In specialized operations such as nuclear reactors, it takes the careful application of lubrication theory to choose the right lubricant for the job. In situations with less extreme temperature and pressure conditions, making a selection based on trial and error is possible. When it comes to lubricants for nuclear reactors, there is not much room for experimentation, which is where the precise science of tribology comes into play.
Tribology – the science of lubrication
Tribology is the study of friction, lubrication and wear. It provides an accurate method for the selection of lubricants. Tribological calculations take factors such as speed, temperature, load, type of motion and operating environment into account. These parameters make up the application’s specific tribological system. Once the nature of the tribological system has been identified, the appropriate lubrication theory is selected, enabling the precise choice of lubricant. The factors are analyzed as follows:
- Type of motion: the motion may be sliding, which requires the hydrodynamic lubrication theory for analysis, or rolling, which is analyzed using the elastohydrodynamic (EHD) theory. A combination of the two is also possible and would require a specific lubricant chemistry to optimize.
- Speed: The speed of components is broken up into three broad ranges – fast, moderate and slow. Within each of these categories, the optimum attributes of the required lubricant can be calculated using the equation ndm=(ID+OD)/2, where ndm= operating speed multiplied by mean bearing diameter, ID = inside diameter and OD= outside diameter. The Stribeck curve can also be used to find the appropriate lubricant for the system’s speed.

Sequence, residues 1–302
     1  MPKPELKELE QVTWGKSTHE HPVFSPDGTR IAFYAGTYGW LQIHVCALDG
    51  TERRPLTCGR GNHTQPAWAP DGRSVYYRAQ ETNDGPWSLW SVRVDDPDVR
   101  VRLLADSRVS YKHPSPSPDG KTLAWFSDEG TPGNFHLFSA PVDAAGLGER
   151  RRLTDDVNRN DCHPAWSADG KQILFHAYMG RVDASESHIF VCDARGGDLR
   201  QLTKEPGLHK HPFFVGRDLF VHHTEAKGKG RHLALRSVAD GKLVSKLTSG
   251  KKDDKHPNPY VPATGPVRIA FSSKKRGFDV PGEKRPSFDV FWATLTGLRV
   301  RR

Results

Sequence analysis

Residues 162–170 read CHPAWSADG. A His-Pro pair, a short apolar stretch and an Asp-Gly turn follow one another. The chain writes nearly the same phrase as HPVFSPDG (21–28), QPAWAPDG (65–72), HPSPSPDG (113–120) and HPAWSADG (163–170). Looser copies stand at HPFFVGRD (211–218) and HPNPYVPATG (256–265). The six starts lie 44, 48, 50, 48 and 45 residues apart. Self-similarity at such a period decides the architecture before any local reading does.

- Temperature: Every lubricant has a specific optimum temperature range. Taking the system’s temperature into account enables the engineer to eliminate all lubricant options that do not function well within range. In the conditions of nuclear reactors, this eliminates many options, leaving only a few specially formulated lubricants for use in extreme heat.
- Load: Light loads may indicate systems that are sensitive to frictional torque, requiring a lubricant that minimizes fluid friction while protecting metal components in direct contact. Heavy loads may require lubricants with additives that protect against wear, pitting and galling.
- Operating environment: The various conditions of the operating system, such as the presence of moisture, or certain chemicals, or working in a vacuum, would all dictate the selection of specific lubricants suited to those conditions.
Tribological analysis accounts for all five of these variables to pinpoint the lubricant that will enable optimal functioning across all of them.